Based on the 2005 documentary of the same name by Rachel Boynton, Our Brand is Crisis follows Jane Bodine (Sandra Bullock), a political strategist who’s called to Bolivia by well-intentioned Ben (Anthony Mackie) and former colleague Nell (Ann Dowd). They want her to take over as strategist for presidential candidate Pedro Castillo’s (Joaquim de Almeida) campaign in order for him to win the elections; There’s just one person in her way–long-time rival, Pat Candy (Billy Bob Thornton).
Sandra Bullock is again at the epicenter of events. Our Brand is Crisis is as much about political and behind-the-scenes drama as it is a vehicle to allow Bullock to shine. But however tough-as-nails Bullock portrays “Calamity Jane,” the film is oversimplified and takes away from the primary focus, which is the U.S. involvement in foreign presidential campaigns. It is an issue that is worth questioning and exploring, but the film is too busy dealing with Bullock and Billy Bob Thornton’s onscreen feud that any other major plot lines get lost in the din.
There are blanket statements about political systems, public personas, deceiving the public so that they feel certain emotions toward a candidate by making the “narrative fit the man” instead of the other way around. The film nudges the corners of a box full of serious commentary and intriguing perspectives, but never allows it to open. It’s clearly from the American perspective, as the Bolivians are put on the back burner.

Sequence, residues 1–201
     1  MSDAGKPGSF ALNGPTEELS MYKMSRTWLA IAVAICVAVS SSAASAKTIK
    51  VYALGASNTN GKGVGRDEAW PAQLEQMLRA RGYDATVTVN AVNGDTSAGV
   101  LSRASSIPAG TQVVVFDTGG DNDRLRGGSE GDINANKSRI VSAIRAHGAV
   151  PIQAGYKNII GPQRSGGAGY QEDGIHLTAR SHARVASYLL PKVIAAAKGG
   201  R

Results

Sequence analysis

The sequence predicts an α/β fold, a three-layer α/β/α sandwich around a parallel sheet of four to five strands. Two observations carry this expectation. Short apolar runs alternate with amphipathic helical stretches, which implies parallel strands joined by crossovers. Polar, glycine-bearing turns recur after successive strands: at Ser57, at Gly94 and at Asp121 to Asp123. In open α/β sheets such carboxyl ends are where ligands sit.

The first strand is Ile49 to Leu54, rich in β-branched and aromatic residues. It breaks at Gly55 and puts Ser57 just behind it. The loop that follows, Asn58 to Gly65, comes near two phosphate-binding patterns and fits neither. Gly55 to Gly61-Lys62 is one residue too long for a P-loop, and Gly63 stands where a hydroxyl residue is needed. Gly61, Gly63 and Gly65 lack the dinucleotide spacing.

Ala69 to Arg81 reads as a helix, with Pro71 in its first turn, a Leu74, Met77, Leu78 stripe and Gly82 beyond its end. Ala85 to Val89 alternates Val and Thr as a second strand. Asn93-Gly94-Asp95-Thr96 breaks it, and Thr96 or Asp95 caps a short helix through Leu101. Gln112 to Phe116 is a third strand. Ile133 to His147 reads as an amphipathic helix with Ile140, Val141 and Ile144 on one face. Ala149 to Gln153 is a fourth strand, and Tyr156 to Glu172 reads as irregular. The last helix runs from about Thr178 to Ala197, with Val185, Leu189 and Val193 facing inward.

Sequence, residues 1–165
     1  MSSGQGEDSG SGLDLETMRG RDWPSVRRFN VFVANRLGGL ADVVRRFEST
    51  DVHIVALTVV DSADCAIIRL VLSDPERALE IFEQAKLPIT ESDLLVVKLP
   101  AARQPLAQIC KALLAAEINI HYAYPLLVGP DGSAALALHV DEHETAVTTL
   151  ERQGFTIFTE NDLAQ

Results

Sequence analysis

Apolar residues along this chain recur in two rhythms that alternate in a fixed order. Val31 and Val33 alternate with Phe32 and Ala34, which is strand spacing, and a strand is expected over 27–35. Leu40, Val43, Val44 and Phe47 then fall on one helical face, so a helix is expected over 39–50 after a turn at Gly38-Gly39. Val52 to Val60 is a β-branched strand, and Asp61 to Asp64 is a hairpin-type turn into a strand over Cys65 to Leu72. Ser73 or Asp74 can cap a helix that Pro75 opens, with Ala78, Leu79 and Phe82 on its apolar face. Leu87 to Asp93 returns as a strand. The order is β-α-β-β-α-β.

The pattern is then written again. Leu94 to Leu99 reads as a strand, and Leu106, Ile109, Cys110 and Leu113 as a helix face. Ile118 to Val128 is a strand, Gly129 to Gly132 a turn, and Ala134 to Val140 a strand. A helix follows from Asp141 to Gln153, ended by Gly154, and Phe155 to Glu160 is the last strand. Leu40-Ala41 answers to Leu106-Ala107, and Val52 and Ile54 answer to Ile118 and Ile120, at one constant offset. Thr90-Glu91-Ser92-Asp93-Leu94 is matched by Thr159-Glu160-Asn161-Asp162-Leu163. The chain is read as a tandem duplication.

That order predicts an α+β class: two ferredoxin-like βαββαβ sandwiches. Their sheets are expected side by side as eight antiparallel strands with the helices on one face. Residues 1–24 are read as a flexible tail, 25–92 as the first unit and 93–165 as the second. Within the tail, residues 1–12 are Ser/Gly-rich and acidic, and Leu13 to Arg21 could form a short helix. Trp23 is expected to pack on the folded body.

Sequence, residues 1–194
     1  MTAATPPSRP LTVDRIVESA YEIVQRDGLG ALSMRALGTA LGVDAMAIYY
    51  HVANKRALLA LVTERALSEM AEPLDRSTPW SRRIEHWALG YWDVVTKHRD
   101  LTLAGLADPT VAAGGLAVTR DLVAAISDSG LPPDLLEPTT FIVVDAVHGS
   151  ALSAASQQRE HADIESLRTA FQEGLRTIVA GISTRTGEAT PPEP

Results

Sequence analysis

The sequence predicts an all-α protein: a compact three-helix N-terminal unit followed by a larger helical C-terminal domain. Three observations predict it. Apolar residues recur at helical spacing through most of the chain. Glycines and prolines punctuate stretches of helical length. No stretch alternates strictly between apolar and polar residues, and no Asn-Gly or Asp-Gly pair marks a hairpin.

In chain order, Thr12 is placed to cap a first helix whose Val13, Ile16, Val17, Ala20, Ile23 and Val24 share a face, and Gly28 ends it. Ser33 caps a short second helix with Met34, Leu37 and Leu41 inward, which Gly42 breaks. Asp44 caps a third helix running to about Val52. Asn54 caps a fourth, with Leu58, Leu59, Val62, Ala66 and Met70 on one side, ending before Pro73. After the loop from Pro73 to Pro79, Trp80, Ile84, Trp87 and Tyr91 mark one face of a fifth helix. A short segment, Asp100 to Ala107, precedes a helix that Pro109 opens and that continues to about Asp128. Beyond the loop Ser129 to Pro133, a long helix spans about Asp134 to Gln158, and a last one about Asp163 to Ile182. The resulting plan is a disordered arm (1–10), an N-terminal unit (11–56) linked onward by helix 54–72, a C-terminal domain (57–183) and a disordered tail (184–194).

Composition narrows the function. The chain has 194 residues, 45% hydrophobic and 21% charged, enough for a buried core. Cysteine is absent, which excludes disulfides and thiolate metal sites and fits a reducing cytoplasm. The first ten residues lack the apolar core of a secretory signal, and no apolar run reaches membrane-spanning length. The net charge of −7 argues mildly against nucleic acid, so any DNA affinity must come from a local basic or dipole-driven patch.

With that in mind, Almeida really shines as a presidential candidate who’s on the angry side of the nation’s indigenous, and largest, population. But he also holds the sway of some, like young, hopeful and hero-worshiping campaign volunteer, Eddie (Reynaldo Pacheco). The conversations and discussions between them are some of the strongest and most sincere in the film. Almeida’s character is neither good or bad, but questionable; you never clearly know where the shoe will drop with him. Anthony Mackie’s character is practically irrelevant, only there to offer some ideal advice to Bullock or to lend an ear. Ann Dowd is there to provide the exposition about Bullock’s character, while Scoot McNairy is there for odd comedic relief and Zoe Kazan is the super-smart researcher/translator.
Our Brand is Crisis is ultimately an average politically-charged film, one that had far more potential than what is seen onscreen. Good performances all around don’t overcome some of the film’s issues, but still make for an interesting watch. Director David Gordon Green (Pineapple Express) sets out to make a serious film about U.S. political involvement in foreign elections, but it turns into the Hollywood version of it, too simple to be taken seriously. A decent enough film but not as impressive or intelligent as is could have been.
Release Date: October 30, 2015 | Director: David Gordon Green | Screenwriter: Peter Straughan | Cast: Sandra Bullock, Billy Bob Thornton, Anthony Mackie, Ann Dowd, Joaquim de Almeida, Zoe Kazan, Scoot McNairy, Reynaldo Pacheco, Octavio Gomez Berrios, Louis Arcella, Luis Chavez